... well, it was going to be about adaptation, but in the meantime, an interesting situation popped up.
I've been working with stand-up comic Elizabeth Beckwith on a TV show pilot. Frankly, Beckwith's been doing most of the heavy lifting while I chime in with the TV formatting and occasional buzzkill. "Yes, that is wildly original. Yes, that would be cool. No, they would never let you shoot that in a million years. Think of something else."
The premise is based on her childhood in Vegas. She and her very Catholic family lived right across the street from their ... ah ... "connected" cousins. People happily listen for hours as Lizzie tells stories about growing up in Sin City in the 70's. The structure of the show (something for another little post) was always great -- two families, very different attitudes, plenty of conflict ...
And yet, we'd had a bitch of a time getting the thing to work, for damn close to a full year. The network notes, for once, have been quite good. The character balance worked, the plot choices for the pilot worked, and yet ... it never quite got there. In it's various iterations it was always funny, certainly a show, but never quite gelled. We were staring down the barrel of the last rewrite with zero idea of why we kept missing the mark.
I reviewed it one last time. (Our mutual manager, Will Mercer, was crucial here, a fresh set of eyes on the pages.) We followed the father's emotional turmoil on moving to a strange city with his family. His conflict at trying to raise good kids in the city of sin. Good ... we saw the oldest son drawn into corruption by the cousin ...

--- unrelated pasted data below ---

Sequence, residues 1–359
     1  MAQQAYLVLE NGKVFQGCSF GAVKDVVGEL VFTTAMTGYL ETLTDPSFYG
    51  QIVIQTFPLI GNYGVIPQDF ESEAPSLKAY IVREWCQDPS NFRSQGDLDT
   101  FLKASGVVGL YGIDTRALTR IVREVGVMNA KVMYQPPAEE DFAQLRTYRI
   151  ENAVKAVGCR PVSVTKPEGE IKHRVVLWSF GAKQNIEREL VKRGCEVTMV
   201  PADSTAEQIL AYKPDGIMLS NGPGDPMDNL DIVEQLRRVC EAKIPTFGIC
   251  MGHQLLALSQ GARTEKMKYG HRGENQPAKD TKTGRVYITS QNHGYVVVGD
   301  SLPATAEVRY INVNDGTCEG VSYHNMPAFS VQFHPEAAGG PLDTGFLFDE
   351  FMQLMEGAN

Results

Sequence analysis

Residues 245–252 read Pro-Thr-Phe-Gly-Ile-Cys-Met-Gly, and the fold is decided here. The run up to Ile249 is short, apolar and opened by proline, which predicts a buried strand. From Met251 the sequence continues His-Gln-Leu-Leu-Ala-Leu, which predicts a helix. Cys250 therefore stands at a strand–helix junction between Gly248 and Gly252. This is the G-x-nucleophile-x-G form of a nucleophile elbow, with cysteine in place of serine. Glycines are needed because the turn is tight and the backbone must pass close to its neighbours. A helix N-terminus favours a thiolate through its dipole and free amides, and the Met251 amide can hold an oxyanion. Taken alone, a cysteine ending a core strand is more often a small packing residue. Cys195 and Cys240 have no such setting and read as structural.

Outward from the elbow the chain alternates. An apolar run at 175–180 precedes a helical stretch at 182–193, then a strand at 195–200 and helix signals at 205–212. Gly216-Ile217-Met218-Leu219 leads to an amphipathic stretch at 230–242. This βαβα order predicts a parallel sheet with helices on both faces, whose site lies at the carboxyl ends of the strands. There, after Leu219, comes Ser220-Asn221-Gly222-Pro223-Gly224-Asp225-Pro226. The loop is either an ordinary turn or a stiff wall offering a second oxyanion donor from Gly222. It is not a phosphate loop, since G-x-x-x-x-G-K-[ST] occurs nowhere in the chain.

Well, wait a second. The show was done through the father's viewpoint. From a purely theoretical standpoint, that made sense. He was the one who moved the family to Vegas. His choices led them here, he was responsible, he was the one who had to deal with the consequences of his actions ...
But talking over the source material, we realized that whenever Liz told a great story about her childhood, it was about the kids. Unburdened by the need to balance characters, act structure, blah blah blah, the fun stuff was always about she and her cousins lost in this morass. The kids were dealing with Sin City. The Dad was dealing with the ramifications of the kids dealing with Sin City. Although he was the central hub of the driving story, he was once removed from the interesting conflict. From the natural viewpoint of the story.
We shifted viewpoints. Structurally, as in scene-by-scene progression, this wasn't a cataclysmic change. The same sequence of events occured -- it just wasn't the same story. (Do not confuse what happens in a story with the story. ) The eldest brother, Paul, became the viewpoint character. We started with him. We focused on his reactions. We spent a little extra page weight on his conversations, his thoughts.
And now, it works.
Hey, don't get me wrong, it may never see the light of day (welcome to television). But universally, on this rewrite, we smacked our heads and said, "Ah, thats's the show we've been waiting for."
On a practical young writer's grind-level, here's the tool out of the toolbox:
Changing viewpoints. Not to insult your intelligence and go back to the 6th-grade English lesson on conflict, but blah blah blah, every scene between two people, in every story, screenplay, novel, etc. boils down to:
Character A: "I want something."
Character B: "You can't have it."
Yes, simplistic. But this is the shit that gets you,when you're elbow deep in a text. Now, the natural inclination is to come into each scene in the head space of the "I want something" guy. Human nature. The passion you have for telling that character's story is often what motivated you to write the story in the first place. Fine.